In the years prior to independence (1950-1960), Somalia was placed under a U.N. trusteeship, and a genuine effort was then made to provide public education for all Somalis. The U.N. trusteeship agreement required both Britain and Italy to expand primary and post-primary educational services in Somalia. This was to cultivate the Somali nationals to whom the reign of power would be handed at independence. The Somalis, who had previously resisted colonial education, embraced the mandate as a vehicle for modern development, a building block to national unity and progress. Italy expanded its elementary schools to admit more Somalis. During the 1957-1958 school year, nearly 14,000 Somalis were enrolled in primary schools, a jump from the 1,265 Somalis who had been enrolled before the trusteeship agreement. Italy also set up three secondary schools, a vocational training institute, and a university institute in Mogadishu to train students in public administration, which would eventually become the Somali National University in 1970. In British Somaliland, the school system was also expanded to provide better educational opportunities for the Somalis. By 1960, there were 38 elementary schools, 12 intermediate schools, 3 secondary schools, and 2 vocational schools, with a total enrollment of 3,429 students. A teacher training institute was established to cultivate future teachers. However, as David Laitin has argued, even though more students were given the opportunity for education in British and Italian Somalilands, the effort was marginal.
The policy of limiting education to the primary level continued, as secondary education remained closed to a majority of the Somalis due to limited resources. In Italian Somaliland, school curriculum was parochial, rules lax, and students, as a whole, lacked the discipline necessary for learning. And although the British had a clearer educational policy than the Italians, it reached fewer Somalis. Further complicating the educational effort was the fact that each region adopted a different language for its school system. Those admitted to Italian-run schools were taught in Italian, and those in British Somaliland were taught in English. At independence in July 1960, there were three languages of instruction in Somalia, including the Arabic used in Qu'ranic schools.
Somali leaders faced the challenge of harmonizing the educational systems, the curriculum, and the language of instruction. There was a need to develop an official script for the Somali language, which was still only a spoken language at independence. The need would be unmet for the next 12 years and not before a military takeover of the government in 1969. In power, the military, under the leadership of Said Barre, established a "scientific socialist" state whose goal was to wipe out clan conflict and ignorance through the mass education of its people. Thus, the development of a written Somali language was imperative to achieving those ideologies. A commission was formed to study and decide on a script for the Somali language. Within a year, the commission concluded its study, recommending the adoption of the Latin script. The recommendation was accepted in January 1972 with a military decree that made Somali the language of official business and instruction for the country. Teachers were given three months to be proficient in the language. Textbooks and curriculum were developed to reflect the values and ideals of the Somali society, and a mass literacy campaign was launched to teach every Somali how to read and write. There is no question that the adoption of Somali as the language of education in Somalia had positive effects on the school system. At least, for the first time in its history, students across the country were taught in the same language, using the same textbooks. But the progress education was making in Somalia was halted by the civil war that lasted from 1991 to 1998. Educational and other public facilities were the first casualties of the war. In 2001 (10 years after the war began), Somalia was still struggling to rebuild its nation and its educational system. The country is divided into three administrative parts. The secession of the northwest in 1991 created the Somaliland Republic. In 1998, the northeast proclaimed a separate government under the name of Puntland. The south is ruled by various warlords. Available education is offered through private institutions and international organizations. Any effort to sustain a stable, public educational system will remain, at best, minimal until the country once again finds the courage to become a nation.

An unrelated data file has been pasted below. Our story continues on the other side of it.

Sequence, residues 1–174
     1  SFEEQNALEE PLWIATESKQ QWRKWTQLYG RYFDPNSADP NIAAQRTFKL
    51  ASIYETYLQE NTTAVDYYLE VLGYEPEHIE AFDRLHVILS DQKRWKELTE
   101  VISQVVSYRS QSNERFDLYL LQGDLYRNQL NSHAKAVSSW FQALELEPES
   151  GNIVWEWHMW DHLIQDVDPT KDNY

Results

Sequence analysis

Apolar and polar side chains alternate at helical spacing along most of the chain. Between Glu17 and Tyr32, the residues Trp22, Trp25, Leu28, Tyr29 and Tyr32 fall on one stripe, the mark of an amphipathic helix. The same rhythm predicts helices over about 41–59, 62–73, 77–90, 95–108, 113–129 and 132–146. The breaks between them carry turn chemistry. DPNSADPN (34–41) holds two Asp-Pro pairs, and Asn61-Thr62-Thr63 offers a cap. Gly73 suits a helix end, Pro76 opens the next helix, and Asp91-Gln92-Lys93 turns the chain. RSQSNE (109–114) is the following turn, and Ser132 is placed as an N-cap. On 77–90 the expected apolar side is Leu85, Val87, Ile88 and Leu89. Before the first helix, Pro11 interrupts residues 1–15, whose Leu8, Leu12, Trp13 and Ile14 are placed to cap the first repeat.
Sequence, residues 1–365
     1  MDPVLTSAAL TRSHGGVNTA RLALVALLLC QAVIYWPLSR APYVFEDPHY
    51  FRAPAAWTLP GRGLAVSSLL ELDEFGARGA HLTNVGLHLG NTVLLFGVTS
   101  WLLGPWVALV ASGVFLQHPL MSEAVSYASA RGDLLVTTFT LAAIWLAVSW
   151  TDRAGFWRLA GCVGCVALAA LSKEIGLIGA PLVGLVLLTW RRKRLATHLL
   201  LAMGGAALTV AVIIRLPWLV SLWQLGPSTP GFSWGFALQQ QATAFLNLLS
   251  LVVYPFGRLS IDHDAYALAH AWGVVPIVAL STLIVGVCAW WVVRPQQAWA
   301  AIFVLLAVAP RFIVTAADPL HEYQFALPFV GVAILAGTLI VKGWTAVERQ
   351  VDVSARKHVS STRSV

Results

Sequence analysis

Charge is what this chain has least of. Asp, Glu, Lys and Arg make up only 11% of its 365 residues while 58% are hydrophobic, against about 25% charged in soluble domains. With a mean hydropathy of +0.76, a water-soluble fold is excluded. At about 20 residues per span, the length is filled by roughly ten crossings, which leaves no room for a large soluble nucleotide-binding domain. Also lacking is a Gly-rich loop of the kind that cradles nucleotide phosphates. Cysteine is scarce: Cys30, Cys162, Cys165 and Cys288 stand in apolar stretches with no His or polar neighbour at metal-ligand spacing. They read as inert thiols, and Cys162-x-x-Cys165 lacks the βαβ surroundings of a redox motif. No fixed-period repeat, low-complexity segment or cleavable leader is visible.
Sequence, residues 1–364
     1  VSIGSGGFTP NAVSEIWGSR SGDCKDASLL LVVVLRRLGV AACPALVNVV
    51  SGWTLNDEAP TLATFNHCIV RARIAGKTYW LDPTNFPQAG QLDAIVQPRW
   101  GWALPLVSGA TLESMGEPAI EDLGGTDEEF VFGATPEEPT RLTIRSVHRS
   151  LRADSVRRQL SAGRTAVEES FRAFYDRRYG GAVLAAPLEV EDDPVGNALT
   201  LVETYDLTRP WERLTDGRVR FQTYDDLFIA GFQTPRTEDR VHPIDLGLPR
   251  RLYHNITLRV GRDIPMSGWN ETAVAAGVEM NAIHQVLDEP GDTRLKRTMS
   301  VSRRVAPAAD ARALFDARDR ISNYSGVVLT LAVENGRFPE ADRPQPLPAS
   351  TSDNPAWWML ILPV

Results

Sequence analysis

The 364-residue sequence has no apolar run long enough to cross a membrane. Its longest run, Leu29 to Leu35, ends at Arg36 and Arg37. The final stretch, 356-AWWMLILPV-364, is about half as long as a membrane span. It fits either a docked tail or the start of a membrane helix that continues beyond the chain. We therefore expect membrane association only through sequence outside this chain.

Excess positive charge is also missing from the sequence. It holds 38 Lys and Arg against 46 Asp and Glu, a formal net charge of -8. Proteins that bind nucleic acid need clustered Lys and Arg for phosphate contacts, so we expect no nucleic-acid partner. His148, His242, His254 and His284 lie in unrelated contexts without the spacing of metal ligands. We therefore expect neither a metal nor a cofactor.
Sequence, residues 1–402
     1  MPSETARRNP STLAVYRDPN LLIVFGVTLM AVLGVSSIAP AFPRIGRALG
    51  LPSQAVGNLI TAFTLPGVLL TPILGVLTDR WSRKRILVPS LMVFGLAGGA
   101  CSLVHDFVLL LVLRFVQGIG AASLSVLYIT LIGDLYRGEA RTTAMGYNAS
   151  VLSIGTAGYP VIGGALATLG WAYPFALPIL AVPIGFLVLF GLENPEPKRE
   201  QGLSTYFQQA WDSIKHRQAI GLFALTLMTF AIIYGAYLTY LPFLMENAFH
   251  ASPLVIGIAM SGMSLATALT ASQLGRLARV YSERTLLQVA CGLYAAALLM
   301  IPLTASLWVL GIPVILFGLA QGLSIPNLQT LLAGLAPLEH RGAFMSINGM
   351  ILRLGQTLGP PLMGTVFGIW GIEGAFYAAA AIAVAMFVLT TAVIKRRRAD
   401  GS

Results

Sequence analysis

Education Encyclopedia - StateUniversity.comGlobal Education ReferenceSomalia - History Background, Constitutional Legal Foundations, Educational System—overview, Preprimary Primary Education, Secondary Education